Didi Global may have insured its existence after receiving shareholder approval for a delisting from the New York Stock Exchange, but the Chinese ride-hailing company faces regulatory scrutiny and the impact of COVID-19.
As part of the investigation, Didi’s mobile apps have been removed from app stores in China, and new user registrations have continued to be suspended. The company reported a 13% drop in revenue in the fourth quarter last month compared to a doubling in the first quarter of 2021 before the survey.
Didi’s decision to leave the United States less than a year after launch is seen as an attempt to satisfy regulators who are furious at the company’s decision to continue with a $ 4.4 billion IPO, despite being asked to put it on hold while Chinese officials investigated its computer practices.
Didi is unlikely to see a resurgence in fortunes when soon the cyber security review, led by the Internet watchdog Cyberspace Administration of China (CAC), has not yet been completed and any punishment to be imposed has not yet been decided, sources said with knowledge. of the case.
“Didi’s cyber security survey is simply not high on the agenda for key executives,” said one person. Delays in charting Didi’s future may leave some investors without an exit option on their shares, whose value has already shrunk. The Ridehailer is currently valued at around $ 7.2 billion compared to $ 80 billion around the time of listing.
The final sentence on Didi was to be signed by the central leadership, which is now busy struggling with more pressing issues such as a sharp economic downturn and coronavirus outbreaks across the country, they added.
Didi did not immediately respond to a request for comment. Neither did the CAC or the Prime Minister’s Information Office. Supported by SoftBank and Uber Technologies, Didi said earlier this month that if it were not delisted from the US stock market, it would not be able to complete Beijing’s cyber security review, which has negatively impacted its business.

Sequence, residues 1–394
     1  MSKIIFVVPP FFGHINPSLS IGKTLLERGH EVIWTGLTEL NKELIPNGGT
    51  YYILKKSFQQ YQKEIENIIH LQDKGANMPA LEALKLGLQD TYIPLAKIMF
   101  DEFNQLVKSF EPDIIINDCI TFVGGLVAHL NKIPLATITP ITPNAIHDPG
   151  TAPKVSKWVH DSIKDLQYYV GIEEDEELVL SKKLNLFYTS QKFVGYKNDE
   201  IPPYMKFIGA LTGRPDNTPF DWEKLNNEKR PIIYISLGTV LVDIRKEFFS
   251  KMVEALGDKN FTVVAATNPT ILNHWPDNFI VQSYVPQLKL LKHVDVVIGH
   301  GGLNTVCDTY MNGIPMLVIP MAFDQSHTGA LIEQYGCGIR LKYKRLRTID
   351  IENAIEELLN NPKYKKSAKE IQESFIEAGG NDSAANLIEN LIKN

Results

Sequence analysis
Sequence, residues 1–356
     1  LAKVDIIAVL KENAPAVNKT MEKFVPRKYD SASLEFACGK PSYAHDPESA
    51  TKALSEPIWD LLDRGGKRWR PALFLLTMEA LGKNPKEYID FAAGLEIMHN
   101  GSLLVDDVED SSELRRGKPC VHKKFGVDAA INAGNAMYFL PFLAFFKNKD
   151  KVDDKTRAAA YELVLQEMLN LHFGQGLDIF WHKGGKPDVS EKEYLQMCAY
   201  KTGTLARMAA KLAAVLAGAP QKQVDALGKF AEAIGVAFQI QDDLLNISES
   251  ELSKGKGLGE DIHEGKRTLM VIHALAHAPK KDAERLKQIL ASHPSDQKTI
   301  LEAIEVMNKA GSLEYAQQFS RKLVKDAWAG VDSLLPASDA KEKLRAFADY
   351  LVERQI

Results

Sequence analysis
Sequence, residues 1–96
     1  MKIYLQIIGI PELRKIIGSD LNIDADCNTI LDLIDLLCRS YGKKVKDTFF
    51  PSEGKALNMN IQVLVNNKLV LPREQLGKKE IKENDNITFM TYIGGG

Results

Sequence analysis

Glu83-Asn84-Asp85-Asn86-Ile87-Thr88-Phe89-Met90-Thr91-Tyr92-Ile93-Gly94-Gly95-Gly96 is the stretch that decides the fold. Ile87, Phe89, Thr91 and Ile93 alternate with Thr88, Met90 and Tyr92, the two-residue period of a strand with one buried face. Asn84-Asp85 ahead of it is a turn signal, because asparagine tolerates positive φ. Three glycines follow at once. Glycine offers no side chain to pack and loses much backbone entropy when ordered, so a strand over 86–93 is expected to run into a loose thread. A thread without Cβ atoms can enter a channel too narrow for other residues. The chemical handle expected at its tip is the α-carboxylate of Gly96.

About 96% of Didi’s shareholders on Monday approved delisting their U.S. depository shares from the New York Stock Exchange. It plans to file paperwork with the U.S. Securities and Exchange Commission on June 2 or later to delist. Didi, which also offers delivery and financial services, previously aimed to go public in Hong Kong in June.
It has put such plans on hold indefinitely after not getting the green light from Chinese regulators. The regulatory action against Didi last year was part of a broader and unprecedented repression by the authorities for, among other things, violating antitrust and data security rules, targeting some of China’s most well-known company names. In an astonishing turn just five months after his debut, Didi said in December that they would withdraw from the NYSE and pursue an IPO in Hong Kong. “The delisting marks a significant but still small step for Didi to survive,” said a person familiar with the company’s mindset. “It needs to cut off its presence in the US capital market as soon as possible to win the chance.”
Another headwind facing Didi’s revival of ride-hailing business is China’s strict zero-COVID rules, which have put several cities, including financial center Shanghai, under lockdown for several months and forced many others to apply mobility controls. China’s trip-hail market has been on a downward trend since mid-last year due to COVID-19 outbreaks and tighter licensing controls, with such orders falling by 30% and 37% year-on-year. years in March and April, respectively, according to Bernstein analysts. “Didi will need to spend more on marketing to increase demand when life is back to normal,” they wrote in a note last week.
- After being delisted from the United States, China’s Didi faces a difficult path to growth
- Check out all the latest news and articles from the latest Business news updates.